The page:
Mr. Speaker, three young Canadians did us proud last summer at the 2011 National Geographic World Championship held in California.

Alexander Cohen, a student at Ashbury College in Ottawa—Vanier, and his teammates, Aoife O'Leary of Surrey, B.C. and Alejandro Torres-Lopez of North Vancouver, won the silver medal to Russia's gold and Vietnam's bronze.

The National Geographic World Championship, hosted by Alex Trebek, is a two-day international geography competition held every two years. Seventeen teams of geography students from around the globe met to take part in this tournament. After three years of being in the top three of the Great Canadian Geography Challenge, Alexander placed first this year and made the Canadian team for the championship.

Today Alex turns 16. I wish him a happy birthday. May his gift this year be to win the gold for Canada. We are proud of him.

Public Safety
Statements by Members

11:10 a.m.

Conservative

Rick Norlock Northumberland—Quinte West, ON

Mr. Speaker, our Conservative government received a strong mandate to keep our streets and communities safe. Part of that means ensuring we have a correctional system that actually corrects criminal behaviour.

The Standing Committee on Public Safety and National Security, at the urging of our government, has undertaken a study on how illegal drugs that get into our prisons impact the safety and effectiveness of our correctional system. However, yesterday the NDP member for Châteauguay—Saint-Constant shockingly said that taking drugs out of prisons makes them less safe. That is unbelievable. That is the same party that has consistently voted against our tough-on-crime measures.

Our Conservative government believes in delivering on our campaign commitment to establish drug-free prisons. Canadians expect no less. I call on the NDP to finally stop putting the rights of criminals ahead of the rights of law-abiding citizens.

Housing
Statements by Members

11:15 a.m.

NDP

Marie-Claude Morin Saint-Hyacinthe—Bagot, QC

Mr. Speaker, in 1985, the United Nations General Assembly declared the first Monday of October every year World Habitat Day.

As our housing critic, I particularly wanted to mark this day, which will be on Monday, October 3, this year.

The right to housing is recognized by the UN as a basic human right enshrined in the Universal Declaration of Human Rights. The right to housing also appears in most constitutions around the world, which recognize every individual's right to decent, safe and affordable housing.

I would therefore like to draw the House's attention to the exceptional work being done by non-profit organizations dedicated to protecting tenants' rights.

In closing, I would like to point out to the government that their demands are not unreasonable; they simply want the government to maintain the current number of affordable housing units and build new units so that all Canadian families can have access to affordable, adequate and safe housing.

Taxation
Statements by Members

September 30th, 2011 / 11:15 a.m.

Conservative

Gerald Keddy South Shore—St. Margaret's, NS

Mr. Speaker, while our Conservative government is focused on helping create jobs and growing the economy with our job-creating pro-trade and low-tax plan, the NDP is publicly demanding higher taxes.

Yesterday, the NDP MPs also publicly attacked our Conservative government's reduction of the GST from 7% to 5%, bemoaning the fact that Canadian families were keeping more of their own hard-earned money and not big government. NDP members have stated that cutting the GST was probably the worst measure that this government could have adopted. The member for Beauport—Limoilou said that reducing the GST was a serious problem. Now the NDP finance critic has demanded Canadians and Canadian job creators be forced to pay yet another new tax, this time on daily financial transactions.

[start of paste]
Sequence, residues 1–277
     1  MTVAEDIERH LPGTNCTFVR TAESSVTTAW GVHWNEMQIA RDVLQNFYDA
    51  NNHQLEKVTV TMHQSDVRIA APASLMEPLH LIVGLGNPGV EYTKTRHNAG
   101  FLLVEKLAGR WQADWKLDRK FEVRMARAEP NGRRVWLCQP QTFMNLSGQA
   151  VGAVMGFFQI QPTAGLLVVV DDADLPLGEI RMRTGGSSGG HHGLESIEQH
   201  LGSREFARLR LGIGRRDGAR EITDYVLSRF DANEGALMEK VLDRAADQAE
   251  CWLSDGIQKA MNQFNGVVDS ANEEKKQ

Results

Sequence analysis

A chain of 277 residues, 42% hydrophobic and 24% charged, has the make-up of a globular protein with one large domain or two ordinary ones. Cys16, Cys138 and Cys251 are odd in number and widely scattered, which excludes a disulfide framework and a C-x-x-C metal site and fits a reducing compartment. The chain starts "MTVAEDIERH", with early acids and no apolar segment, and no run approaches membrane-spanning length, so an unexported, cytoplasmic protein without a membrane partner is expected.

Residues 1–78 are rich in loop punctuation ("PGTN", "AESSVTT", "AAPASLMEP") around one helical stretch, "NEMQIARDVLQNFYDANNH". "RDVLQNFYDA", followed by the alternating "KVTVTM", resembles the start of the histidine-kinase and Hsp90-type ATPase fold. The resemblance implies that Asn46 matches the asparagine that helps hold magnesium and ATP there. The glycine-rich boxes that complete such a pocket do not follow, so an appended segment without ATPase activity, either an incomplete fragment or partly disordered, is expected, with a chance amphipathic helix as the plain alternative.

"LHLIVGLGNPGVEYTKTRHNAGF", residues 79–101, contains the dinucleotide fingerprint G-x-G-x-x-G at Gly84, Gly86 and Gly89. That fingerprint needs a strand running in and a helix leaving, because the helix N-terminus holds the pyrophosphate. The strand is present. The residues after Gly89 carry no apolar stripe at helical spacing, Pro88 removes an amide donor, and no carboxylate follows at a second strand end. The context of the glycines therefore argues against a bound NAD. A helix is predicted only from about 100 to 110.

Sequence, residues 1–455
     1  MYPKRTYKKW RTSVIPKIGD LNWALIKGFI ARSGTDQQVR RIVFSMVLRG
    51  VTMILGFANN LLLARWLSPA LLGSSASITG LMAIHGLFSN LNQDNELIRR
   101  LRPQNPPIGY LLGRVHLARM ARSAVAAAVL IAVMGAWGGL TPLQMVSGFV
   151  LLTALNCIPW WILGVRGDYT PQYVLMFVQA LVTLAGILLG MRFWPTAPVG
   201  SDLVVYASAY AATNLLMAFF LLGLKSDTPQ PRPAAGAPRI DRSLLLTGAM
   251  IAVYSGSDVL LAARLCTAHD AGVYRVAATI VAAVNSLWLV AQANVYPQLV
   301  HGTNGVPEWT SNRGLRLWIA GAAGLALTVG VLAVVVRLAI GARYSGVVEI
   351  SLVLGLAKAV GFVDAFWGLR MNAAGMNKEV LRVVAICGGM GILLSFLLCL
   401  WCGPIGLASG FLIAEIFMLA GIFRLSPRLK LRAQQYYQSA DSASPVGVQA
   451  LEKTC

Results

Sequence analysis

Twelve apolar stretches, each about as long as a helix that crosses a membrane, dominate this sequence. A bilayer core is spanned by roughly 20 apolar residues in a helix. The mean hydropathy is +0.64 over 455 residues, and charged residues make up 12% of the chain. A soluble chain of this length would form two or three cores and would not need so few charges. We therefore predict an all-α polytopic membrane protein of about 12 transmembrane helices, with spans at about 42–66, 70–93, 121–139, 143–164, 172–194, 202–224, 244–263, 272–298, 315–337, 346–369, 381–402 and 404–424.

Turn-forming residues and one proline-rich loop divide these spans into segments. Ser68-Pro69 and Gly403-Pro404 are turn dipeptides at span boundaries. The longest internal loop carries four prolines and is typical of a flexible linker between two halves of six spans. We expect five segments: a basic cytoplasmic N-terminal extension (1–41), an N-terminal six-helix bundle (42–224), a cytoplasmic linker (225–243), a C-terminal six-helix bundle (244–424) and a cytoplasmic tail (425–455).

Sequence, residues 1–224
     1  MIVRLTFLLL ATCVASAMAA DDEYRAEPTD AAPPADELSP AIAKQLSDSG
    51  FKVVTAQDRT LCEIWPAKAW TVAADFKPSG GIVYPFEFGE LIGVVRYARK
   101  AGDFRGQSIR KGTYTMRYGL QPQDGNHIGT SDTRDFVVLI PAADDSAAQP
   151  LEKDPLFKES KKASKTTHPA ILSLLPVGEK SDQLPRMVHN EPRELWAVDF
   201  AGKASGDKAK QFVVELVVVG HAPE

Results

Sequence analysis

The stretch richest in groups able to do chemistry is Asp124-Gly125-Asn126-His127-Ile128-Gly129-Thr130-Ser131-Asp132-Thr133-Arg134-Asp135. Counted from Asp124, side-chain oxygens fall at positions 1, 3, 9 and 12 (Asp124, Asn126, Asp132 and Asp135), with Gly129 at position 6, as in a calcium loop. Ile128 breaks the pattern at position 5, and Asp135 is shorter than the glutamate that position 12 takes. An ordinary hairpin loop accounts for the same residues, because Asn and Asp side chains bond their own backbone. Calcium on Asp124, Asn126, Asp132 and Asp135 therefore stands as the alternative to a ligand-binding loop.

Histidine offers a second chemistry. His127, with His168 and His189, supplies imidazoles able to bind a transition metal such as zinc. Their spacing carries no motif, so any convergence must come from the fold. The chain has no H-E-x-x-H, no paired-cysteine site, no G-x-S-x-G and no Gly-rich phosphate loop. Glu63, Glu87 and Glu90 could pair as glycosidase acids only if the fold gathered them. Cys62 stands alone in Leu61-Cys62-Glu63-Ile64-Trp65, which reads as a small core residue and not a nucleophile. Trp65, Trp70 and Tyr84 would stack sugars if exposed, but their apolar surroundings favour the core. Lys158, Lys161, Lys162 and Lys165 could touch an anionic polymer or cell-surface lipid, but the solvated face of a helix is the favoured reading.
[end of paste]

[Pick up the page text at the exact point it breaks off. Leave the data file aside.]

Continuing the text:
Our ambitious pro-trade low-tax plan to create jobs and economic growth is working. Meanwhile, the NDP's anti-trade high-tax job-killing plan is reckless. The NDP's anti-trade high-tax plan is yet another worrying example that the NDP is not fit to govern.

The Economy
Oral Questions

11:15 a.m.

NDP

Joe Comartin Windsor—Tecumseh, ON

Mr. Speaker, yesterday the Parliamentary Budget Officer reported that the government's fiscal plan is unsustainable. Its ill-conceived corporate tax cuts are responsible for the fiasco we are facing.

The cuts, which amount to $15 billion a year in lost revenue, are almost exactly the same amount as the PBO's estimate for the structural deficit. That is further evidence of the Conservative government's mismanagement of the economy.

When will the Conservatives listen to reason and cancel the next gift to profitable corporations?

The Economy
Oral Questions

11:15 a.m.

Macleod
Alberta

Conservative

Ted Menzies Minister of State (Finance)

Mr. Speaker, the hon. member's facts are very deceiving. In fact, the low-tax plan that the government has put in place is actually addressing the issue he is talking about.

The long recognized aging population issue will impact Canadians, as would the $10 billion hike in taxes that the NDP would need.

Our low-tax plan will help seniors prepare for retirement.

The Economy
Oral Questions

11:15 a.m.

NDP

Joe Comartin Windsor—Tecumseh, ON

Mr. Speaker, the government's priorities are quite clear. It wants to give $60 billion in tax cuts to mostly large, profitable corporations. As we have just heard, it is using the bogus argument that this will result in jobs for Canadians. At the same time, the government is imposing a $16 million EI tax hike on the payrolls of small businesses and the paycheques of workers.

It is rewarding corporations for non-performance and is overcharging Canadians for an employment insurance program that the Conservatives are using as a deficit-fighting tool.

When will the government put middle-class Canadian families first?

The Economy
Oral Questions

11:15 a.m.

Macleod
Alberta

Conservative

Ted Menzies Minister of State (Finance)

Mr. Speaker, the last three budgets that the NDP voted against included plans to help ordinary Canadians. In fact, the tax reductions we have put in place provide a Canadian family of four over $3,000 in additional moneys, leaving it in that family's pockets where it should be.

That is what helps Canadians, not a $10 billion tax hike.

The Economy
Oral Questions

11:15 a.m.

NDP

Joe Comartin Windsor—Tecumseh, ON

Mr. Speaker, two million Canadians are unemployed and will be for a long time because the Conservatives' economic inaction plan is a disaster. This particularly holds true for young people. There are approximately 200,000 more unemployed youth than there were before the last recession. This is mortgaging the future of our country, but the Conservatives are satisfied.

Why do the Conservatives refuse to admit that their policy is not working? Why not invest in people?